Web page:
The probability of making a Type I error is denoted by ‘α’ and is defined as the probability of rejecting Ho when it is true. Type I error is correlated to the level of confidence that you decide to conclude your test at. This means that if you decide to conclude your test at a 95% confidence level, you are accepting that there is a 5% probability that your test result is wrong. One way to reduce this kind of error is by running the tests long enough to have enough samples before you conclude your experiment. Another way is to increase your confidence level, which might mean that you could increase type 2 errors instead, i.e., accepting Ho even though it is False. Also known as Beta (β) errors or false negatives where ‘β’ denotes the probability of making a Type II error.
Let’s look at a food delivery startup in the bar area called DoorDash. They work with various restaurants and have a sales team that has a process to convert potential leads into DoorDash clientele. They ran an A/B test with changes in the current B2B sales process, where they made a few changes in their sales process for half of the salesmen and the others used the same process. After six weeks, they collected the sales data for all of their sales employees and wish to measure the impact of the changes and decide whether to apply it or ditch it.
In week 1, DoorDash’s sales team with no changes in the sales process (control group) was able to convert 761 leads out of 1062 potential leads and. so on for other weeks.
Now let’s look at the treatment group numbers. In the same week, week 1, the team with changes in the sales process (Treatment group) was able to convert 442 out of 587 leads into clients. That’s definitely an improvement.
However, since the conversion number is so low, we need to check if this is just happening due to randomness. To rule out randomness let’s do a hypothesis test with a confidence interval of 95%. The metric for our test would be the conversion rate of the test group.
Let’s establish both our hypotheses:
Ho: Pc = Pt (The success rate of the Control group is the same as the Test Group)
Ha: Pc < Pt (The success rate of Control Group is lesser than that of Test Group)
Since hypothesis test essentially formally tests if the population the sample represents is normally distributed. The null hypothesis states that the population is normally distributed, against the alternative hypothesis that it is not normally distributed.
If the test p-value is less than the predefined significance level, you can reject the null hypothesis and conclude the data are not from a population with a normal distribution. If the p-value is greater than the predefined significance level, you cannot reject the null hypothesis.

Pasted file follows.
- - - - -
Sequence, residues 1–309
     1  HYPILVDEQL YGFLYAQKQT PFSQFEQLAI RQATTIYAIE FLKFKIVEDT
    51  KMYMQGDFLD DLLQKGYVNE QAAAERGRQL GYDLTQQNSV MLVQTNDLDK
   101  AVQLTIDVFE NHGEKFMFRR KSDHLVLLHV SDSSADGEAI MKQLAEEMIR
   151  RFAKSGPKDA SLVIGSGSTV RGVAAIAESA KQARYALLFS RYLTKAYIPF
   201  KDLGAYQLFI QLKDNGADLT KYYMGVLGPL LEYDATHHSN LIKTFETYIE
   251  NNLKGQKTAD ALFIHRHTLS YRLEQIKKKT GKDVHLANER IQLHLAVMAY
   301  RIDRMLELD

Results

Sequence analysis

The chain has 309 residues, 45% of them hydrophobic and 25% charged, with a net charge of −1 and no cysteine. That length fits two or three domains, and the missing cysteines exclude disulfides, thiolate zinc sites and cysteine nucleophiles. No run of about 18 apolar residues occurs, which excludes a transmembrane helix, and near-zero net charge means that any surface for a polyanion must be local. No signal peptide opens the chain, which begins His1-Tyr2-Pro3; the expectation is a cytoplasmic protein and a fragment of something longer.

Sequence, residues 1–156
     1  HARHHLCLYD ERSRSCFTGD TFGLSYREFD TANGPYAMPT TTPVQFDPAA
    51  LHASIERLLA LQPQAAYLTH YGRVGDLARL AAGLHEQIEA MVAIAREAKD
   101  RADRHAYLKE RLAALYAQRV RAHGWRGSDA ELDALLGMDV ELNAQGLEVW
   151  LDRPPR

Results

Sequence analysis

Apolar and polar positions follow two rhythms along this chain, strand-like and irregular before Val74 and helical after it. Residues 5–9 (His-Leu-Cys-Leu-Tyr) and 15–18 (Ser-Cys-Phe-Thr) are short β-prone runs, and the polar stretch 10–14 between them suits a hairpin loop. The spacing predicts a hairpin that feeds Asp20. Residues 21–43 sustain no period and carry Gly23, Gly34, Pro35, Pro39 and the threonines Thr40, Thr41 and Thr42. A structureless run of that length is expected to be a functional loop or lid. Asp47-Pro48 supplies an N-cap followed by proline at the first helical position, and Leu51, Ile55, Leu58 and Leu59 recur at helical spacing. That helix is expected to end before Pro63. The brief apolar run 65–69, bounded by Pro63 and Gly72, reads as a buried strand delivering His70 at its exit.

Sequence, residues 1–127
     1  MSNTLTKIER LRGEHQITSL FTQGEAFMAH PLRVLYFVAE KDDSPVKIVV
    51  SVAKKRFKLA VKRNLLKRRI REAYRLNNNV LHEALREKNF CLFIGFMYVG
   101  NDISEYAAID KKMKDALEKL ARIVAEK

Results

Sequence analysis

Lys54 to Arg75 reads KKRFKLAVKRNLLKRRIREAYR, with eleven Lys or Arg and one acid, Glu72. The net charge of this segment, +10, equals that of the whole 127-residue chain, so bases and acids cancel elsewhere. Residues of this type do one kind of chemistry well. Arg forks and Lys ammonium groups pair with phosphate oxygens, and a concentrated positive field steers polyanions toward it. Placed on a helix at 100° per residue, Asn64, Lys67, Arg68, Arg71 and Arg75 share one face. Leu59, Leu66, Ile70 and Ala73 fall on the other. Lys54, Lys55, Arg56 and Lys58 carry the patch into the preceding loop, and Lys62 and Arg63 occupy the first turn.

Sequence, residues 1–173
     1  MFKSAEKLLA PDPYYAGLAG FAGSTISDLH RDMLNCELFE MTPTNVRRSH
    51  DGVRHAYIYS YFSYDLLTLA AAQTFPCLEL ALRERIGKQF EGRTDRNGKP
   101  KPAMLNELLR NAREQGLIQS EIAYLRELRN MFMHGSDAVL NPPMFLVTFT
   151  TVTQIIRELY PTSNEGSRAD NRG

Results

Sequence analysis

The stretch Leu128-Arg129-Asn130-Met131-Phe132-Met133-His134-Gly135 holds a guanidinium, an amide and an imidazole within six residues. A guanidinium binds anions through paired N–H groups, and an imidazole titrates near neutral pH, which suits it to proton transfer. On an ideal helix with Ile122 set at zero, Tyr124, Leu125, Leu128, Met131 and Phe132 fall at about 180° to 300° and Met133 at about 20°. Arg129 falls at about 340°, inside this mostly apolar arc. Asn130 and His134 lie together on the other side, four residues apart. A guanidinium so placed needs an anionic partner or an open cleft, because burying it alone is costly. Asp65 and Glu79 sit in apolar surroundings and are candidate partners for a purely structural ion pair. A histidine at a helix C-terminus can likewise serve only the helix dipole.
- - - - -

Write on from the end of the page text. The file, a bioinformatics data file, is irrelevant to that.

Note that small deviations from normality can produce a statistically significant p-value when the sample size is large, and conversely it can be impossible to detect non-normality with a small sample. You should always examine the normal plot and use your judgment, rather than rely solely on the hypothesis test. Many statistical tests and estimators are robust against moderate departures in normality due to the central limit theorem.
Let’s design the experiment in MS Excel for Week 1 to rule out that possibility.
To be able to test our Ho, we need to design a normal distribution for 6 samples (six weeks). For that, we need essentially two things: Mean and Std. Deviation. Since mean and std dev. is likely to be different for each week, we will have to rebuild our distributions six times for all 6 weeks.
To do this in excel let’s define the sample size (N) to be of the treatment group which is 587, and pick the conversion rate(Po) from our control group which is 71.6573%. Using these two numbers let’s calculate our mu or population mean which will further be used to calculate variance and then finally the std. deviation.
Mu = N * Po
Variance = N*Po*(1-Po)
Standard Deviation = SQRT(Variance)
Build the normal distribution for Week 1using the norm.dist() function. it calculates the confidence level of the normal distribution using the values N, mean & standard deviation we just calculated above.
Another important step is to choose the value of alpha or the probability threshold of unlikeliness, that a random chance outcome must surpass for actual outcomes to be deemed statistically significant. Let alpha be 5% for this example.
With the confidence of 97%, we can conclude that the better conversions in the treatment group are not within a range of normal chance variation. Hence chance is not responsible for the improved numbers and hence the difference is statistically significant.